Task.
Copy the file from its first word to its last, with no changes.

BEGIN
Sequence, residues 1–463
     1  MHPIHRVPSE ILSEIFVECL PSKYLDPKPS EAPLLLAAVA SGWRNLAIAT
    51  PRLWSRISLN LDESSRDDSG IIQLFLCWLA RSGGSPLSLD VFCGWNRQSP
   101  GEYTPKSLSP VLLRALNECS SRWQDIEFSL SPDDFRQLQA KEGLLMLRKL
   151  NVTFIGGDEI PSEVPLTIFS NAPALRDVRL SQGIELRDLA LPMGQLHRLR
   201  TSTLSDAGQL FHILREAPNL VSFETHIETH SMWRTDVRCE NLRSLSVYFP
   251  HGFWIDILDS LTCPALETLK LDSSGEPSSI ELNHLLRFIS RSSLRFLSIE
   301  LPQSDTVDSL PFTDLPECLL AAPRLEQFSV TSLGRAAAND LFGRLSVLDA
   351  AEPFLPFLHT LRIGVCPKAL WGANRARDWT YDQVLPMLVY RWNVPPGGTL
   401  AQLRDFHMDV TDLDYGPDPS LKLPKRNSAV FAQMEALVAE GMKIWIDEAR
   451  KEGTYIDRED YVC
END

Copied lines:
Sequence, residues 1–463
     1  MHPIHRVPSE ILSEIFVECL PSKYLDPKPS EAPLLLAAVA SGWRNLAIAT
    51  PRLWSRISLN LDESSRDDSG IIQLFLCWLA RSGGSPLSLD VFCGWNRQSP
   101  GEYTPKSLSP VLLRALNECS SRWQDIEFSL SPDDFRQLQA KEGLLMLRKL
   151  NVTFIGGDEI PSEVPLTIFS NAPALRDVRL SQGIELRDLA LPMGQLHRLR
   201  TSTLSDAGQL FHILREAPNL VSFETHIETH SMWRTDVRCE NLRSLSVYFP
   251  HGFWIDILDS LTCPALETLK LDSSGEPSSI ELNHLLRFIS RSSLRFLSIE
   301  LPQSDTVDSL PFTDLPECLL AAPRLEQFSV TSLGRAAAND LFGRLSVLDA
   351  AEPFLPFLHT LRIGVCPKAL WGANRARDWT YDQVLPMLVY RWNVPPGGTL
   401  AQLRDFHMDV TDLDYGPDPS LKLPKRNSAV FAQMEALVAE GMKIWIDEAR
   451  KEGTYIDRED YVC